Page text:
Headwater offers three new self-guided cycling explorations of the Ebro Delta from six to eight nights including accommodation, bike hire, luggage transfers, route notes and most meals. More: headwater.com.
Approaching the harbour at Port d’Illa, the huts of weekend fisherman owe nothing to gentrification, informed instead by style cues of washed-up flotsam. Sleepy jetties host tinkering skippers, piles of tangled nets, and peeling paint. It’s a bit smelly but it’s honest.
It’s not always been this peaceful. The Ebro has witnessed epic conflicts over the centuries.
In 218BC it saw a decisive sea battle that ended the first Punic War, fought between Rome and the Phoenician city-state of Carthage (now Tunis). Some years later the river was the red line crossed by Carthaginian commander Hannibal and his army to trigger the rematch.
Much more recently, in 1938 Republicans and Nationalists bitterly contested the Ebro shores in the Spanish Civil War’s bloodiest battle. In July that year, General Franco’s fascist Nationalist forces faced a loyalist Republican army across the river’s banks; by mid-November an estimated 20,000 had lost their lives in a fight that sealed the fate of the Spanish Republic.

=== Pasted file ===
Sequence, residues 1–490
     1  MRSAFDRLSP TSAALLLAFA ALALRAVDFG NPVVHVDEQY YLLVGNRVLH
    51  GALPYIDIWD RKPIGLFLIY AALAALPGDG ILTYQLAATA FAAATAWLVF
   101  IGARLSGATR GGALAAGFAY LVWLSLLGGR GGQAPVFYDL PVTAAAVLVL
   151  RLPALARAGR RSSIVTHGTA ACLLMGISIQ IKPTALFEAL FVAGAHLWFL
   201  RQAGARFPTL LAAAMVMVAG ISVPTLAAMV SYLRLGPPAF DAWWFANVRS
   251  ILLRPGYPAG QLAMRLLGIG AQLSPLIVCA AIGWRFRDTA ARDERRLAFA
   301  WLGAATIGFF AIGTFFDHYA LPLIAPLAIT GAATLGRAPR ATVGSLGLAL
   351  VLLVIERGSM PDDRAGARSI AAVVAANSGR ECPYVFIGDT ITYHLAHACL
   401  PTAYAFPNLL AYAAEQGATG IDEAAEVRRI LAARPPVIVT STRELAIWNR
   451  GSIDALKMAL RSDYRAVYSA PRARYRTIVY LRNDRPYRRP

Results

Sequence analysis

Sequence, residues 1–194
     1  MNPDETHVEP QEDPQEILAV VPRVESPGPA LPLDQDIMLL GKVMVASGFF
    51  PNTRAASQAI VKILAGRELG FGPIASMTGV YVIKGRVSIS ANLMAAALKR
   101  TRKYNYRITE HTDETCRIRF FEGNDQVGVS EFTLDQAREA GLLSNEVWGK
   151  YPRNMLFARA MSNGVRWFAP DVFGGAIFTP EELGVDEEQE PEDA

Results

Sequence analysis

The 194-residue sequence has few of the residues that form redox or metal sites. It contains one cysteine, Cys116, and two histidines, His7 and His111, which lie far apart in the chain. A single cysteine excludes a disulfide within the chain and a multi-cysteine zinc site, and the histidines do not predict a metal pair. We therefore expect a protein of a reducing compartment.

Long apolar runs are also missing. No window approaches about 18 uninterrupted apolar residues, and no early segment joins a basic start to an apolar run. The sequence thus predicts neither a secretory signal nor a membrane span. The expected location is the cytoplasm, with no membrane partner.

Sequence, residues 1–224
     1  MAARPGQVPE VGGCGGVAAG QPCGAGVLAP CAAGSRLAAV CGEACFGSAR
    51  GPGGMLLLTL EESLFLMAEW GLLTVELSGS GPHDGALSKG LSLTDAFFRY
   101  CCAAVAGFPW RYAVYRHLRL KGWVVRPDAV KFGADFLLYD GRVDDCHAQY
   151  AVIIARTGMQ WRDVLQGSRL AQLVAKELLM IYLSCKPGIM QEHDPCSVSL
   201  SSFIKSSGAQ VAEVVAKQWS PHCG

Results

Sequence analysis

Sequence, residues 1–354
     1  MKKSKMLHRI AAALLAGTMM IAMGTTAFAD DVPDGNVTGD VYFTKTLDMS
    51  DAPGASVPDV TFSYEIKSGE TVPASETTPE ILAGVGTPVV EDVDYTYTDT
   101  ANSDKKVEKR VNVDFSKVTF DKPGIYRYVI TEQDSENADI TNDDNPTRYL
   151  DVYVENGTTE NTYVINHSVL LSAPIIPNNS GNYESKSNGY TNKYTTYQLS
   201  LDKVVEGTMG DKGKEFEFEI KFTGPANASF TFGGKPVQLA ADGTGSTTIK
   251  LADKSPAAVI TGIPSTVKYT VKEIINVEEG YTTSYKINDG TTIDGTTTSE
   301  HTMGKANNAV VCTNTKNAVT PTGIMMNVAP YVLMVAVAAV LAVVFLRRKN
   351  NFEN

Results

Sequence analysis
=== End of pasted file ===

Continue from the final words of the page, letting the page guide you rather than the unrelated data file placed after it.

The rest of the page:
The latest conflict is quieter but no less fierce. Nearby, Catalan graffiti writ large along the river’s banks angrily opposes plans to extract water for use elsewhere in Spain which, from a Catalan perspective, is another country.
At the harbour, we board Ruben Cabrera’s skiff. He guides the boat over clear shallows towards the wooden gantries of shellfish beds. “My family has been here forever,” he says. “Well, actually 34 years.” He says the fishermen are suffering now: “We make one production a year. There used to be two.” I ask why. “There’s not so many nutrients for oysters. The hydro-electric plants are part of the cause. There’s not so much sweet water now, and less silt. But the water is warming too.”
At Fangar Bay, Ruben cuts the motor. We chug to a halt and moor beneath a platform supporting a wooden